Not moving the goalpost and calling victory.

Conclusions & Portfolio Implications

Powell won’t even consider risking a premature loosening of financial conditions, as the experience from the ‘70s strongly cautions against that.

That literally means he’ll be watching the US walk into a recession and stubbornly keep monetary policy very tight hence further exacerbating the problem.

What’s the right portfolio strategy for such a macro environment?

The golden rule is you don’t want to fight the Fed.
But you want to challenge it where it makes sense.

Medium term (6-12 months)

In an average recession, the Fed cuts by 300-400 bps in the 12-24 months immediately after the recession starts - the bond market is pricing a 20-30% probability of that happening, and my subjective probability for that oucome is higher.
Also, in an average recession earnings drop by 30% and that’s not nearly priced in.

Hence, I find value in:

  • 2-5y Treasuries (and mid-2024 Eurodollar or SOFR call spreads)

  • Long Utilities or Staples (Defensive) against Financials or Industrials (Cyclical)

Short term (1-2 months)

Don’t underestimate markets’ muscle memory.
For 10 years, any remote hint of a ‘‘Fed pivot’’ meant buy the dip hand over fist.
The initial equity market reaction might well be similar, as we saw post the CPI release: bonds, gold, stocks, everything rallies in the short-term.

As inflation further slows down and the labor market cools off, unexperienced traders will be trying to put up ‘‘Fed pivot’’ trades by buying equities.

I’ll be patiently waiting for them to set up tactical SPX shorts.

Don’t fight the Fed.

And this was it for today, thanks for reading!
If you enjoyed the piece, please click on the like button and share it with friends :)

Leave a comment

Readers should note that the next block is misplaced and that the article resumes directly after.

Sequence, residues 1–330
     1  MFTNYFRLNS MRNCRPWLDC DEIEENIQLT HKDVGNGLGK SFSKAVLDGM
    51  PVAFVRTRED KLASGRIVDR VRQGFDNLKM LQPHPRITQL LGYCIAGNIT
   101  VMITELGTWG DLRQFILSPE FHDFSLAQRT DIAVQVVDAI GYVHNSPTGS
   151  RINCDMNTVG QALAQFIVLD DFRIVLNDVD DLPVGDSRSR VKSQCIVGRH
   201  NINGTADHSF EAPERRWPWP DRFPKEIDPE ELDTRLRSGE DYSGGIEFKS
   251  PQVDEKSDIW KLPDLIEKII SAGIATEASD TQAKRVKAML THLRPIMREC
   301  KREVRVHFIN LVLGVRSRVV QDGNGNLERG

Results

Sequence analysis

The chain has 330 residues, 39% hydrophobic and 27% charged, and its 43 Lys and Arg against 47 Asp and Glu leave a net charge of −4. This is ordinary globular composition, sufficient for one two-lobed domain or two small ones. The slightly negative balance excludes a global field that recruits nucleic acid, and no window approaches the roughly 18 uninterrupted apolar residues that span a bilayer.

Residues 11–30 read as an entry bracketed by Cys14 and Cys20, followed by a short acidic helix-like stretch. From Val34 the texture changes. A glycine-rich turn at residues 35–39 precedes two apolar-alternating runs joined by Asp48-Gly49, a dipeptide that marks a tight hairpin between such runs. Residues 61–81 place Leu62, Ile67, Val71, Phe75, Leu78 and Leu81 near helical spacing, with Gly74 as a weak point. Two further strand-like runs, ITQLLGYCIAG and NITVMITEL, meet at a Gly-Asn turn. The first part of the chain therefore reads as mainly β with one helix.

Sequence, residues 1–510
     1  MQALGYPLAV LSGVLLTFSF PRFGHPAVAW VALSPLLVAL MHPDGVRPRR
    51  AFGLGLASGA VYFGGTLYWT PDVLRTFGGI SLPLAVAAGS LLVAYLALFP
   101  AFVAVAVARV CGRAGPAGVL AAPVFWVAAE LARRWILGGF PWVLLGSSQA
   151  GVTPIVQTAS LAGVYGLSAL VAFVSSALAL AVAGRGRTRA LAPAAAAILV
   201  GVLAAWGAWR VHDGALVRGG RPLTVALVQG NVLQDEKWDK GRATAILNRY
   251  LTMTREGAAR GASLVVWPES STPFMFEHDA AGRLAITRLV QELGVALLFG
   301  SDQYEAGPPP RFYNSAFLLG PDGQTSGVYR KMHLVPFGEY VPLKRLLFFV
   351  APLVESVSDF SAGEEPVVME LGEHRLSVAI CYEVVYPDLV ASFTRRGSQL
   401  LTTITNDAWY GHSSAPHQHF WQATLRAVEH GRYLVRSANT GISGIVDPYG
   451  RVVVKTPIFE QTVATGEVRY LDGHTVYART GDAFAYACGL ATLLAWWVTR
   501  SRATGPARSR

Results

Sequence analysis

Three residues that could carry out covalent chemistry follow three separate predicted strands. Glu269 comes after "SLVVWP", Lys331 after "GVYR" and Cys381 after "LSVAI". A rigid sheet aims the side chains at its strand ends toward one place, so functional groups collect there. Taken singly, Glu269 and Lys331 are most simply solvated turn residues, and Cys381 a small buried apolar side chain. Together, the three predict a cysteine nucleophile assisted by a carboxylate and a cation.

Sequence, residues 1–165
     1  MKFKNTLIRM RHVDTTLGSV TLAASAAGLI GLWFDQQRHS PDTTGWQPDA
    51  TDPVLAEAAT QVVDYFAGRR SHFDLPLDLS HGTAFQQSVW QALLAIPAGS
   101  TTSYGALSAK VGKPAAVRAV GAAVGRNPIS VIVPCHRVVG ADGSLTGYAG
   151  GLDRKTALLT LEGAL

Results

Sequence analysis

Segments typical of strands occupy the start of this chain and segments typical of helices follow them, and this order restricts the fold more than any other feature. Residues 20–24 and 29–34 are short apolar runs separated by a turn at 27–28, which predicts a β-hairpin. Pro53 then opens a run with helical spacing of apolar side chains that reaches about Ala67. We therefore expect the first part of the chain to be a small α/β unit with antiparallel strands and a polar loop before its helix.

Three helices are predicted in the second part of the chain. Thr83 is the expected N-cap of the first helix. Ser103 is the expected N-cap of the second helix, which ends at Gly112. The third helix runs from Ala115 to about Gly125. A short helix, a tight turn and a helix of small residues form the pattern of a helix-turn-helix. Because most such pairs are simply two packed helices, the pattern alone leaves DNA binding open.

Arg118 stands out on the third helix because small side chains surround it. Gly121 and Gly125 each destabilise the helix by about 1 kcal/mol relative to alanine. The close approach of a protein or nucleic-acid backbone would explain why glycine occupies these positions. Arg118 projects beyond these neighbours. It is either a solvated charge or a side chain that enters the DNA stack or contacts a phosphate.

Finally, an important reminder.

From January 1st getting access to this content (and much more!) will require a paid subscription.

On the TMC platform we will step up the game: unique market insights, courses, ETF portfolios, tactical trade ideas, top notch interactive macro tools and much more.

Subscribers to The Long Term Investor tier will get weekly macro insights backed by an ETF portfolio.
On top of that, subscribers to the All-Round and Pro Investor tiers will get timely market reports like this one, interactive macro tools and much more.

Gates are closing soon: check out which subscription tier suits you the most - I’ll be waiting for you to come onboard!

Get Me In!

For more information, here is the website.


The content provided on The Macro Compass newsletter is for general information purposes only. No information, materials, services, and other content provided in this post constitute solicitation, recommendation, endorsement or any financial, investment, or other advice. Seek independent professional consultation in the form of legal, financial, and fiscal advice before making any investment decision. Always perform your own due diligence.

The Macro Compass
The Macro Compass
The 10.000 foot view of Global Macro and Financial Markets, such that you don't miss the forest for the trees.